India challenges US visa price hike at World Trade Organisation

Legal bickering over temporary workers could be cover for wider trade unpleasantness

India has complained to the World Trade Organisation (WTO) about the United States' decision to increase visa application fees.

The USA last year doubled the fee required to apply for an H1-B visa, a class of temporary visa for skilled workers. Fees rose to US4,000 per application.

Indian technology companies have complained long and loud about the cost of H1-B visas, arguing that they need to bring workers from India to the USA to grow their businesses. US businesses retort that Indian companies could hire locals with comparable skills, but prefer to import people who they pay lower wages.

That argument's become an election issue in the USA, with all sorts of temporary visas criticised as depriving US citizens of jobs.

Access to H1-B visas is a political issue in India, too, so much so that when the US raised prices Barack Obama scored a testy phone call from Indian prime minister Narendra Modi.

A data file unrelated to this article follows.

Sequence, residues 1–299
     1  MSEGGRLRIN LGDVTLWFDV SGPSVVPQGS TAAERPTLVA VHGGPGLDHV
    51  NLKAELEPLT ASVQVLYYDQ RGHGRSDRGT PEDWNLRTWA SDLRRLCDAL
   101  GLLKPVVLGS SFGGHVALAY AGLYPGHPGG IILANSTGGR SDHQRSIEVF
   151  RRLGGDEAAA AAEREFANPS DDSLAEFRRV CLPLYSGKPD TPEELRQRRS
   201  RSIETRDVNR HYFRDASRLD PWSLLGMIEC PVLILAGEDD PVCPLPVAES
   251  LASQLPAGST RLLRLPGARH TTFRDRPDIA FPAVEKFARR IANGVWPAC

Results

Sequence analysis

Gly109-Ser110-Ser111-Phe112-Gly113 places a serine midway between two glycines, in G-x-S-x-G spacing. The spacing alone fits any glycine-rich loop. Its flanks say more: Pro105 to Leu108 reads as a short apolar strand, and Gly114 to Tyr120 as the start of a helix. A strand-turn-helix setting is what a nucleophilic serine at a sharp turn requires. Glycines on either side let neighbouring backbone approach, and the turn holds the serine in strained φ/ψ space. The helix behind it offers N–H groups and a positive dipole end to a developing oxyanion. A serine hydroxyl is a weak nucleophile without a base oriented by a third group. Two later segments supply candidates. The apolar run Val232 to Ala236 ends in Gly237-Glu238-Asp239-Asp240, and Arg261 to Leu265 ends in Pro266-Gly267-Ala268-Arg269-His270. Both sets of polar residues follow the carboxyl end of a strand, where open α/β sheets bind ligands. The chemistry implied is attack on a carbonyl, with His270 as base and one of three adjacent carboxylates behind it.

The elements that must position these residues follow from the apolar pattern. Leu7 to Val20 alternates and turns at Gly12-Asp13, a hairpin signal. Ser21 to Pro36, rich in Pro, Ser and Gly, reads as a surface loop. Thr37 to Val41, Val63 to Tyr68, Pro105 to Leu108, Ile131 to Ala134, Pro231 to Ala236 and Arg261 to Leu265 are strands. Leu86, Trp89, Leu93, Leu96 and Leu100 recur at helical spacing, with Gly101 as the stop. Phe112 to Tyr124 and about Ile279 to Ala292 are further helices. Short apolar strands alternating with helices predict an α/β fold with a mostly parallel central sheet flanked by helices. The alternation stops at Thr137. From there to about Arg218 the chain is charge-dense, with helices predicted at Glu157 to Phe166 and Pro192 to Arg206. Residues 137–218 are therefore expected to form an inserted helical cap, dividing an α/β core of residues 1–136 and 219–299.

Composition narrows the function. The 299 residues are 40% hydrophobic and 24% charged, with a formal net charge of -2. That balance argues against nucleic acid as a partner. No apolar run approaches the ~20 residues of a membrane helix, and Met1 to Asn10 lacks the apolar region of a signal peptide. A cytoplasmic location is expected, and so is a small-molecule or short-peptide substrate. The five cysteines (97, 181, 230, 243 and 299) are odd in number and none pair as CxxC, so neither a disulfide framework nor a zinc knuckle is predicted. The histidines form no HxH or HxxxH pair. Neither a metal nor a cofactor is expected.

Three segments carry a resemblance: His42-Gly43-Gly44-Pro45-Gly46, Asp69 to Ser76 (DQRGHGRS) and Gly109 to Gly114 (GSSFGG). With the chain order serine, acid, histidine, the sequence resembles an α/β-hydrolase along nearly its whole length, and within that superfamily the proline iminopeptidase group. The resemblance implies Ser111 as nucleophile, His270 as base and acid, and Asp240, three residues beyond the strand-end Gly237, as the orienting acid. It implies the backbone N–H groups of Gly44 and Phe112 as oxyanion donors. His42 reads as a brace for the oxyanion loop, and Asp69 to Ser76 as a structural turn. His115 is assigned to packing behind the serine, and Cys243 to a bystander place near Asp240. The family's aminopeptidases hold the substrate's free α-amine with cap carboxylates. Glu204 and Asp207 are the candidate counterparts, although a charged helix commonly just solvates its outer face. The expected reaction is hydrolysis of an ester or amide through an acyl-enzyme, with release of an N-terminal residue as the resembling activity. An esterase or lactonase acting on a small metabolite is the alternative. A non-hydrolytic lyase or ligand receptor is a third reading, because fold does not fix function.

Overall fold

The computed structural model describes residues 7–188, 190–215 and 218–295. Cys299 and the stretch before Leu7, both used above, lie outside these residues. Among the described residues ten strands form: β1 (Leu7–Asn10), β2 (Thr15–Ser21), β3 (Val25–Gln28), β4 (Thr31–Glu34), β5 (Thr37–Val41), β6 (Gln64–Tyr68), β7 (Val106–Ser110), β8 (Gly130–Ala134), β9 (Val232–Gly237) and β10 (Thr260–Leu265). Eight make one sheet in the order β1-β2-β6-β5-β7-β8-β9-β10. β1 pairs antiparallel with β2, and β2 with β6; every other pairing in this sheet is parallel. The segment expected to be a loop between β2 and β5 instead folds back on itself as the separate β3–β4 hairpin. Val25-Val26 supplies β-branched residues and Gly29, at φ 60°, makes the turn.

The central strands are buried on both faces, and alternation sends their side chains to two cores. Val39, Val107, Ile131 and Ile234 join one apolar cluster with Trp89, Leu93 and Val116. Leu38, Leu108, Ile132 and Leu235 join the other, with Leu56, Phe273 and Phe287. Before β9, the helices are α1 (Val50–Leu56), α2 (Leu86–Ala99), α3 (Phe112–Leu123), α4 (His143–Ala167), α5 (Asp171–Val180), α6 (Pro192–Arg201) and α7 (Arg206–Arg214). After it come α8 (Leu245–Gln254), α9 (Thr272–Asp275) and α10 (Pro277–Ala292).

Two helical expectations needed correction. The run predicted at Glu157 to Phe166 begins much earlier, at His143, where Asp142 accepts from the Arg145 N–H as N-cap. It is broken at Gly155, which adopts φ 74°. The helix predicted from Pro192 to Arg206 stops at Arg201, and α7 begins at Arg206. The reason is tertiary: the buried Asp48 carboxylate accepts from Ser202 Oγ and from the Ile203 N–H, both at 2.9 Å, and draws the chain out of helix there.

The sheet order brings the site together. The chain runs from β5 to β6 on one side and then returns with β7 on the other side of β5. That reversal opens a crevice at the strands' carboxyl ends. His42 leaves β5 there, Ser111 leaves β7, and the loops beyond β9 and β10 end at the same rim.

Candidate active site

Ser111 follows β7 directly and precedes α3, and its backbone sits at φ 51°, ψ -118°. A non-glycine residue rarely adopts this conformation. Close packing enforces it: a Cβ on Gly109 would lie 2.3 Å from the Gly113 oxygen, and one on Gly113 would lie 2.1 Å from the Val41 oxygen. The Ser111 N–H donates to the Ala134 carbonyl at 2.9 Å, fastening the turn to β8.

India's now formally complained to the WTO, which sets the clock ticking on a 60-day mediation process. If nothing can be resolved, the WTO can rule on the dispute.

The complaint comes after the US successfully used the WTO to challenge India's subsidy of solar power equipment. That dispute can easily be interpreted as a strike in the direction of Modi's signature “Make In India” initiative promoting local high-tech manufacturing. Make In India aims to see India reduce its dependence on imports by manufacturing more electronics for domestic consumption.

Modi also has half an eye on winning business from China as the Middle Kingdom's wages rise to levels that big factory operators don't enjoy, a fact that's been noted by the likes of Make In India participant Foxconn. ®




Biting the hand that feeds IT © 1998–2019